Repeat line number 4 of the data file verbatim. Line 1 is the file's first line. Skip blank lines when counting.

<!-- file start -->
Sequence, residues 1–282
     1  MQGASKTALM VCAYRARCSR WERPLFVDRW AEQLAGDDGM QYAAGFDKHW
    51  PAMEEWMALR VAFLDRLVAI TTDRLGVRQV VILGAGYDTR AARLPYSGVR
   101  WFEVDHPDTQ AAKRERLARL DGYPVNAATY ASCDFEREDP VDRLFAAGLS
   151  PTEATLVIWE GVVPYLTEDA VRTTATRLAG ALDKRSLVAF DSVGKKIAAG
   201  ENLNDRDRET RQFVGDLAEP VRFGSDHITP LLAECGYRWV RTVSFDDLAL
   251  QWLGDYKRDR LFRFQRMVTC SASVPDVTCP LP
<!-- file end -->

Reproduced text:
   101  WFEVDHPDTQ AAKRERLARL DGYPVNAATY ASCDFEREDP VDRLFAAGLS